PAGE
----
1. Start fresh
Beans are at their prime between two days to a week after roasting. (They start to taste stale by about 10 days.) Start at a local coffee shop that does its own roasting or brings in beans overnight. The roast date should always be marked on the bag.
2. Stop smashing. Start grinding
Most home coffee grinders have a single blade that smashes beans at high speed, so the resulting grounds typically range from fine dust to sandy chunks. A burr grinder creates uniform particles, which means you can control how sour or bitter the resulting coffee tastes. (See "Dial the flavour in," below.) Good electric burr grinders start at about $150, though you can get a decent hand-crank one made by Hario for about $32. Don't even think about buying pre-ground.
3. Scale it up
Is it ridiculous to weigh your beans and water on a gram scale? Completely. But it will also let you make a consistently excellent cup of coffee. A standard digital kitchen scale does the trick, though a pocket digital gram scale – there's a great one at Lee Valley for $16 – is even better.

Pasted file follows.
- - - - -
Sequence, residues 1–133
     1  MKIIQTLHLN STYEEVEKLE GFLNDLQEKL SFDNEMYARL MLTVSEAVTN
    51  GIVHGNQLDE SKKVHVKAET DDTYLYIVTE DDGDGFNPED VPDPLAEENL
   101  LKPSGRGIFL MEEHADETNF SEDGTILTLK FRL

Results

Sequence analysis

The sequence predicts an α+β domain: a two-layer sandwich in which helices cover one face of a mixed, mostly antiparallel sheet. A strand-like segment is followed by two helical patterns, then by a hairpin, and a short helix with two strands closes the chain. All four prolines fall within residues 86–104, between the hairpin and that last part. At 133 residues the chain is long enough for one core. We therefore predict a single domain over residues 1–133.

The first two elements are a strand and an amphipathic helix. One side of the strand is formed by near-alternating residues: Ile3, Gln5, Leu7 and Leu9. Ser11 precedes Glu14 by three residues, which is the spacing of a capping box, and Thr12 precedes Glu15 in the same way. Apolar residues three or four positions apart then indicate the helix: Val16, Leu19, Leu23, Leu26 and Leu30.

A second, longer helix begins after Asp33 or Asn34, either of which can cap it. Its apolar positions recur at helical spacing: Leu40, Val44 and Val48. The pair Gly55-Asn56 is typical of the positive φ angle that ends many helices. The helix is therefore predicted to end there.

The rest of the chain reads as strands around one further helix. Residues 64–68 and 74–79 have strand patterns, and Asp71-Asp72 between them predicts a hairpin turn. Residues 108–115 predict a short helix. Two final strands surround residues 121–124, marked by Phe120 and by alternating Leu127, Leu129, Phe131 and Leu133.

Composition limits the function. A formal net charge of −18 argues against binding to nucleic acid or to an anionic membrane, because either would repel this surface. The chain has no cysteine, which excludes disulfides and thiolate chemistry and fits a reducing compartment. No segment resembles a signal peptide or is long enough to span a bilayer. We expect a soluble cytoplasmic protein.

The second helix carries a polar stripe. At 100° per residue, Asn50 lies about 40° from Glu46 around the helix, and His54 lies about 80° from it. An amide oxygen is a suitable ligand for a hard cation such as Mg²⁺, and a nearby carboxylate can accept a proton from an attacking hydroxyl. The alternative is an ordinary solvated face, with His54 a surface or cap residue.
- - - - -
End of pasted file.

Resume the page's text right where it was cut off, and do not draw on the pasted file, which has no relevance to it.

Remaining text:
4. Dial the flavour in
If you've followed tips 1, 2 and 3, try a slightly coarser grind, cooler water or longer steep time if your coffee is too bitter. (If it's sour, do the opposite.) You can also dial the brew's strength up or down by controlling your beans-to-water ratio: Between 12 to 18 grams of grounds per 260 grams of water is a decent starting range for a single cup.
5. "Piping hot" is overrated
Too much heat masks flavour and aroma and scorches taste buds. Give your coffee three or four minutes of chill time once it's made.